Monday, August 18, 2008

Rock The Bells 08 - The Beat Down

I got to Shoreline Ampitheater for Rock The Bells 2008 sometime after 3 p.m. Saturday, which meant I missed Dead Prez, Immortal Technique, Jay Electronica, Murs, Wale, and, regrettably, Raekwon and Ghostface. I didn't miss MF Doom because he (or more likely, his imposter) didn't show up.

I did get there in time to see Rakim, which is always a good thing. Alas, it was the last song of his set, but “Juice (Know the Ledge)” sounded great, and Rakim was a fireball of energy on stage.

The late arrival was semi-intentional. Although I hadn't planned on being quite that late, I had already seen most of the previously mentioned artists. And if there's one thing I've learned about rock/rap festivals, they can be looong. So getting there mid-day isn't a bad thing because you still wind up seeing 4 to 5 hours of music.

De La Soul hit the stage after Rakim. Their live set is always fun, familiar stuff, but they never just go through the motions. This marked probably the fifth or sixth time I've seen them, and they took all of the highlights from the previous sets I've seen (throwback mini-mixes, that freeze-frame routine during "Rock Co.Kaine Flow").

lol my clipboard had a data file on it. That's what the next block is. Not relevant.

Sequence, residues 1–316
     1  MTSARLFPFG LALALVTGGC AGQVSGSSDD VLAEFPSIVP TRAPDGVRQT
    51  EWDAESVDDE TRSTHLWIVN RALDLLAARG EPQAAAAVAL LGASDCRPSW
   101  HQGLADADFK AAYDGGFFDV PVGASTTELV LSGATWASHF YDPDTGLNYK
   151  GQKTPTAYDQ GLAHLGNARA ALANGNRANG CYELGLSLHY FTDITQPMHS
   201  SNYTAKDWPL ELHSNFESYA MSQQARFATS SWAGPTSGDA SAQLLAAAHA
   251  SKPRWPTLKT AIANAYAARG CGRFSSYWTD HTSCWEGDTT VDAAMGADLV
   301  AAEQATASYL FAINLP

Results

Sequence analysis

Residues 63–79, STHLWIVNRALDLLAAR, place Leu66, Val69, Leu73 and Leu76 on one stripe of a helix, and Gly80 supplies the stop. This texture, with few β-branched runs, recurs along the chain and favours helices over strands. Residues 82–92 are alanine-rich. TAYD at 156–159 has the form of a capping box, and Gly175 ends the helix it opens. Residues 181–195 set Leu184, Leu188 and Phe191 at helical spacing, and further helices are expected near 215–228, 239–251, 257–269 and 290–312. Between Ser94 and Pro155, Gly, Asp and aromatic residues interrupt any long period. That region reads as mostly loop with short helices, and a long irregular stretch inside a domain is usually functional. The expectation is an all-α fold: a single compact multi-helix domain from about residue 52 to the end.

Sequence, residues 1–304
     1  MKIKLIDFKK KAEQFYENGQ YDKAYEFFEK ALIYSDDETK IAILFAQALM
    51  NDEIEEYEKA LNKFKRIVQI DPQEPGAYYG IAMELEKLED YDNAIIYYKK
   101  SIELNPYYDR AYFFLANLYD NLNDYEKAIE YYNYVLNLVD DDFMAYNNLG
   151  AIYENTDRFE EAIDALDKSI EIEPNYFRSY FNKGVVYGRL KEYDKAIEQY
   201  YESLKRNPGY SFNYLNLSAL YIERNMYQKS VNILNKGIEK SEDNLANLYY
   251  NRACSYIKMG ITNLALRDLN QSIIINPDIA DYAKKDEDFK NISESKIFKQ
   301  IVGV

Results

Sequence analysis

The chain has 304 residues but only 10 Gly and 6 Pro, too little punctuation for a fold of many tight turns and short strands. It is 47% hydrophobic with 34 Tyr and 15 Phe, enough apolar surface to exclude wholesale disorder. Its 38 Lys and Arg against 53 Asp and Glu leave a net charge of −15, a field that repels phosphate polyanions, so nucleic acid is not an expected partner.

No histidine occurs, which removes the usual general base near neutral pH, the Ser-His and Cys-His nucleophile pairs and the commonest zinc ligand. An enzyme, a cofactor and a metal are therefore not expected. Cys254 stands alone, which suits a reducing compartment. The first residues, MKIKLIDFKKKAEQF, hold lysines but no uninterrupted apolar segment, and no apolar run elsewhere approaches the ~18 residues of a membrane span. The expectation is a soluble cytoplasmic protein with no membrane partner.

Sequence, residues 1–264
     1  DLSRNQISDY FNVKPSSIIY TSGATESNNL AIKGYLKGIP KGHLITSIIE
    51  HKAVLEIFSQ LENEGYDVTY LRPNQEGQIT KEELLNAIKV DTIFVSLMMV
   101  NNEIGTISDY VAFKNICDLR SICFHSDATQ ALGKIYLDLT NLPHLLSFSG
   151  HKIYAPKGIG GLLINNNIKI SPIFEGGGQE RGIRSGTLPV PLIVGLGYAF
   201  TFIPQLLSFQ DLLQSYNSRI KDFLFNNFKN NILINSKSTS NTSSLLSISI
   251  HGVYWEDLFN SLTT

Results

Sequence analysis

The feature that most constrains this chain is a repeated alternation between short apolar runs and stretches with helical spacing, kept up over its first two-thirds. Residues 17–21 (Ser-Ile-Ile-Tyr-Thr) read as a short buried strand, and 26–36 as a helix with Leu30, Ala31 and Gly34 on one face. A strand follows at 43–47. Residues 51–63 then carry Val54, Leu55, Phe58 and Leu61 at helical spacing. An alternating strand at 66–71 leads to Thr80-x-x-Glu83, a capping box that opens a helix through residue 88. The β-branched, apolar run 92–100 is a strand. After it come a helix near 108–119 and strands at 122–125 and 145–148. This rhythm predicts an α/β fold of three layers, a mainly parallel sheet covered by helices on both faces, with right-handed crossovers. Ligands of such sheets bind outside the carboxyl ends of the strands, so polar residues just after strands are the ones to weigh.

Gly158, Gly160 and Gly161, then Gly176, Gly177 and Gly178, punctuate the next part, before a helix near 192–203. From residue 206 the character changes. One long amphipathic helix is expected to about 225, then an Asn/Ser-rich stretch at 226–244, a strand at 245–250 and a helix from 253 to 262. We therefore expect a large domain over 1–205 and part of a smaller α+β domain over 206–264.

Red and Meth came next. Their set is like an adrenaline rush mixed with Red Bull and Vodka chased with Kripy Kreme Donuts and topped off with a Swisher. Meth loves jumping into the crowd.

Red loves making funny faces and being really vulgar on stage. They played their solo hits. The crowd feasted on everything.

I retreated backstage and caught The Pharcyde and Mos Def from the grass area, partly to recoup and partly to meet up with the folks who rolled with me. The Pharcyde reunion was a bit underwhelming, but I was paying only half-attention to their set.

Mos gave a solid, understated show. One thing I love about his set, his DJ always does these really smooth break beat runs, sophisticated polish and swagger. Mos sang and rhymed in his silky slim manner. I kind of missed Kweli though, especially during the Black Star songs.

Nas hit the stage and I got in the press pit for his show, which had the air of a monumental appearance. Seeing him on stage, flipping from talking trash about Fox News to ripping through "New York State of Mind," it was hard hitting and poignant. Nas is at a point in his career where people are listening to and watching his every move, and he seems to know this. He was confident and commanding but poised and humble at once. He's older now, aware of the power his words carry over an audience. It was pretty dope to see him in the moment, controlling the stage.

Finally, the moment arrived for Q-Tip and Tribe to take the stage. The pit was allowed to shoot the first three songs of Q-Tip's solo set and then the firs three of Tribe. Q-Tip hit he stage like a pro, doing "Vivrant Thing" and a few other joints off "Amplified." He did a few from his new album, including a duet with Mos. Tribe showed up, Ali Shaheed on a raised DJ booth, then Tip joined by a healthy-looking Phife and an animated Jarobi. The opening strains to "Bugging Out" dropped, and I pretty much geeked out. These are my heroes, the one act that I can always be rest assured will maintain artistic integrity in hip-hop, so I just stood back and watched. I wanted to enjoy every moment.

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